Quality statement 10: Screening – national fetal anomaly screening programmes

Quality statement

Pregnant women are offered fetal screening in accordance with current UK National Screening Committee programmes.

Quality measure

Structure

Evidence of local NHS-commissioned services to ensure that all pregnant women are offered fetal screening in accordance with current UK National Screening Committee programmes.

Data source: a) and b) Local data collection.

Process

Note a pregnant woman would be offered either process a) or b) and always process c).

a) Proportion of pregnant women booking before 14 weeks 2 days who are offered the combined screening test to take place between 10 weeks 0 days and 14 weeks 1 day.

Numerator – the number of women in the denominator offered the combined screening test to take place between 10 weeks 0 days and 14 weeks 1 day.

Denominator – the number of pregnant women booking before 14 weeks 2 days.

b) Proportion of pregnant women booking between 14 weeks 2 days and 20 weeks 0 days who are offered the quadruple screening test for Down's syndrome to take place between 14 weeks 2 days and 20 weeks 0 days.

Numerator – the number of women in the denominator offered the quadruple screening test for Down's syndrome to take place between 14 weeks 2 days and 20 weeks 0 days.

Denominator – the number of pregnant women booking between 14 weeks 2 days and 20 weeks 0 days.

c) Proportion of pregnant women booking before 21 weeks who are offered ultrasound screening for fetal anomalies to take place between 18 weeks 0 days and 20 weeks 6 days.

Numerator – the number of women in the denominator offered ultrasound screening for fetal anomalies to take place between 18 weeks 0 days and 20 weeks 6 days.

Denominator – the number of pregnant women booking before 21 weeks.

Data source: a), b) and c) Local data collection.

a) The Care Quality Commission Maternity Services Survey 2010 asks the following questions: 'Did you have a dating scan? This takes place between 8–14 weeks of pregnancy' and 'Did you have any screening tests (a blood test or nuchal scan) to check whether your baby might have Down's syndrome?' Possible responses to the latter are: 'yes, a blood test only'; 'yes, a nuchal scan only'; 'yes, a nuchal scan and blood test'; and 'no, I wasn't offered any screening tests for Down's syndrome'. The total number of respondents is also stated.

a), b) and c) The Maternity Services Secondary Uses Dataset, once implemented, will collect data on 'whether or not screening for Down's Syndrome was offered, accepted or declined' (global number 17202360), 'date blood test sample taken for Down's Syndrome screening' (global number 17202410), 'whether or not fetal anomaly screening was offered, accepted or declined' (global number 17203180) and 'date and time on which fetal anomaly screening was undertaken' (global number 17203190).

a), b) and c) QOF indicator MAT1 – Antenatal care and screening are offered according to current local guidelines (Additional services domain).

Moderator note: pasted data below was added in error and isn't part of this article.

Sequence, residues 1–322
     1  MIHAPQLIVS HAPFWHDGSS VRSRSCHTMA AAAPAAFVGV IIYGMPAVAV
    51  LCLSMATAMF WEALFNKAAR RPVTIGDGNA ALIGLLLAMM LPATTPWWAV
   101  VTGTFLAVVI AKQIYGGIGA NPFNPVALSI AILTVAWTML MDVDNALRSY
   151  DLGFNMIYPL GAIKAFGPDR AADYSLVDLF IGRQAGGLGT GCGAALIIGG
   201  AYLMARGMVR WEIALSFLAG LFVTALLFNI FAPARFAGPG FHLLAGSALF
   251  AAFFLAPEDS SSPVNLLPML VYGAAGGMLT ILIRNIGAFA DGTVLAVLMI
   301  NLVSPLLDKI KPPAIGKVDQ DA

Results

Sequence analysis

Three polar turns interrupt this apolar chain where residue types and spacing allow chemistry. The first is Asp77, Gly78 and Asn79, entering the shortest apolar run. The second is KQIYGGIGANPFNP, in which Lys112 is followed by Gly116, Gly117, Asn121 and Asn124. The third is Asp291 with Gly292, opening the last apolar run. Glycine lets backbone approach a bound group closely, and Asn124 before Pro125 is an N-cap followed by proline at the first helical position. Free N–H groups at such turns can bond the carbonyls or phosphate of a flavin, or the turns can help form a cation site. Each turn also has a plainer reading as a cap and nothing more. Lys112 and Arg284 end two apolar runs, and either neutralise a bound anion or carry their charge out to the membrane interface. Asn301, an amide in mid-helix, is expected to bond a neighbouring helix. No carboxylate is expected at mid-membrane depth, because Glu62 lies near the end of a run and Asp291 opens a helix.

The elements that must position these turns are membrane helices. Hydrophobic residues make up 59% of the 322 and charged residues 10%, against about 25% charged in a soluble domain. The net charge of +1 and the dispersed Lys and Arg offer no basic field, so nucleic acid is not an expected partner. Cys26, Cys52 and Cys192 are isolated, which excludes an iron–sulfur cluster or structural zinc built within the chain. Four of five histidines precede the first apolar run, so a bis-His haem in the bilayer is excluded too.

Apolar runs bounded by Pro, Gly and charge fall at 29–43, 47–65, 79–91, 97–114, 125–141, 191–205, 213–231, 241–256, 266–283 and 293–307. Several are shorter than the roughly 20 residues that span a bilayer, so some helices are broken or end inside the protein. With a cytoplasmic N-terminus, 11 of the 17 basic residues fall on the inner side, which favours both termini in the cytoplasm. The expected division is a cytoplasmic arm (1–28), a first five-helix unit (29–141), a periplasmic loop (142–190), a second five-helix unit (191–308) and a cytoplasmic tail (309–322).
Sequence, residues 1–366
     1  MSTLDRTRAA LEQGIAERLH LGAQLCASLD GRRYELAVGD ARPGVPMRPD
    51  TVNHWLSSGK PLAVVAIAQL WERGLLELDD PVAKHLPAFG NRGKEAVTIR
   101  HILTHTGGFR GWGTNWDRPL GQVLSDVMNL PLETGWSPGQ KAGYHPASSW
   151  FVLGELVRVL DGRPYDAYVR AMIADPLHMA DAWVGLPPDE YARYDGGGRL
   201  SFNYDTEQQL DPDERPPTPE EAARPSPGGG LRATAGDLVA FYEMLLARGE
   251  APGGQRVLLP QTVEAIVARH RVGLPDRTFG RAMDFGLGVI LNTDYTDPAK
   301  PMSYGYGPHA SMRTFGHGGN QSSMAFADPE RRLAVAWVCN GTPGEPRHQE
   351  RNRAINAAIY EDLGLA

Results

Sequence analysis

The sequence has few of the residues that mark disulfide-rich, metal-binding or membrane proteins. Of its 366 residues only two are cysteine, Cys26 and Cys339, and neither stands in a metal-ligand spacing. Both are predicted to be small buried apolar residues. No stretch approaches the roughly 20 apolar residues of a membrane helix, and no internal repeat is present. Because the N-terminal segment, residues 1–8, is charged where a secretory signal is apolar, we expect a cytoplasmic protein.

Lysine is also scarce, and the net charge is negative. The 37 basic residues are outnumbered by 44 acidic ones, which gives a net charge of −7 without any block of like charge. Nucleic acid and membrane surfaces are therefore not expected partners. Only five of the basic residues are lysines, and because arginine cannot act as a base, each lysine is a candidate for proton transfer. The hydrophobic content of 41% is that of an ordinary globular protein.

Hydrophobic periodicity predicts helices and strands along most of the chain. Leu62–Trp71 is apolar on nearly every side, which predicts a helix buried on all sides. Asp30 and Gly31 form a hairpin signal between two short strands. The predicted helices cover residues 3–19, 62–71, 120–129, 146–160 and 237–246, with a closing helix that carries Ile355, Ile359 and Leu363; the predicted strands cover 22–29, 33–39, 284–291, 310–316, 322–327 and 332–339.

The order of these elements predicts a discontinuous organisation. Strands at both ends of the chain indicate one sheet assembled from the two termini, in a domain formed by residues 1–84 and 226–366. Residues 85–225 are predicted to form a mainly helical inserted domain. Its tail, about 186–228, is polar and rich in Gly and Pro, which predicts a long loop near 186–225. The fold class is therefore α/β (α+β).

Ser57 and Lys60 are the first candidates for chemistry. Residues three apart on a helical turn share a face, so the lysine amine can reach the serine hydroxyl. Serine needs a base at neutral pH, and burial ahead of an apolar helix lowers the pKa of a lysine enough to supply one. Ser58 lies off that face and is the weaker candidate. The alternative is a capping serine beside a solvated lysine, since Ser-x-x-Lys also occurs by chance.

c) The Care Quality Commission Maternity Services Survey 2010 asks the question 'Did you have a scan at around 20 weeks of pregnancy?' The total number of respondents is also stated.

Outcome

a) Pregnant women feel they have made an informed decision about whether to undergo fetal anomaly screening.

b) Screening uptake rates.

What the quality statement means for each audience

Service providers ensure that systems are in place to offer fetal screening to pregnant women in accordance with current UK National Screening Committee programmes.

Healthcare professionals offer fetal screening to pregnant women in accordance with current UK National Screening Committee programmes.

Commissioners ensure they commission services that offer fetal screening to pregnant women as part of NHS care, in accordance with current UK National Screening Committee programmes.

Pregnant women who access antenatal care before 21 weeks are offered an ultrasound scan to screen for various conditions in their unborn baby.

In addition, pregnant women who access antenatal care before 20 weeks are offered screening for Down's syndrome in their unborn baby. The type of test carried out (for example, an ultrasound scan and a blood test or just a blood test) will depend on how far advanced the pregnancy is.

Source guidance

Definitions

Current UK National Screening Committee programmes for fetal screening are defined here as the National Screening Committee policy on fetal anomaly screening in pregnancy, which includes both fetal anomaly ultrasound, and Down's syndrome screening.

UK National Screening Committee recommendations (Screening for Down's syndrome: UK NSC Policy recommendations 2011–2014 Model of best practice) state that the gestational age window for the combined test runs from 10 weeks 0 days to 14 weeks 1 day. The combined test is made up of linear fetal measurement of the crown–rump length to estimate fetal gestational age (dating scan), measurement of the nuchal translucency space at the back of the fetal neck, and maternal blood to measure the serum markers of pregnancy associated plasma protein A and human chorionic gonadotrophin hormone. In striking a balance between the benefits of all the markers, trusts should consider screening women around 11 weeks 2 days.

For women presenting beyond 14 weeks 1 day, the quadruple test (maternal serum) window runs from 14 weeks 2 days to 20 weeks 0 days.

The fetal anomaly ultrasound scan should be offered at first contact visit or booking visit, to take place between 18 weeks 0 days and 20 weeks 6 days.

Equality and diversity considerations

The offer and implications of screening should be understood by all women to enable them to make informed decisions. This will necessitate provision of information in an accessible format (particularly for women with physical, sensory or learning disabilities and women who do not speak or read English).